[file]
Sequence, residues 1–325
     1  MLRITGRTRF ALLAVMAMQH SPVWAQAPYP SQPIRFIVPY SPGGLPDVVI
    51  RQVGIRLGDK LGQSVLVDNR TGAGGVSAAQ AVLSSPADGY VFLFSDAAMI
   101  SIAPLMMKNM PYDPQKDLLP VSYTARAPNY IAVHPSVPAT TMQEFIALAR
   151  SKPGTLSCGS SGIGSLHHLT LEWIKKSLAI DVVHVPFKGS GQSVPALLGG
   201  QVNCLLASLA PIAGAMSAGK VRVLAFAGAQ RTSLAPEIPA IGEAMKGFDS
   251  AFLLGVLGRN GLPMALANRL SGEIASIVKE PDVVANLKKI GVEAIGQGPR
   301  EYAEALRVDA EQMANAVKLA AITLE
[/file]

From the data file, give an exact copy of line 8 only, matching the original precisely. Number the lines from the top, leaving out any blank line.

   301  EYAEALRVDA EQMANAVKLA AITLE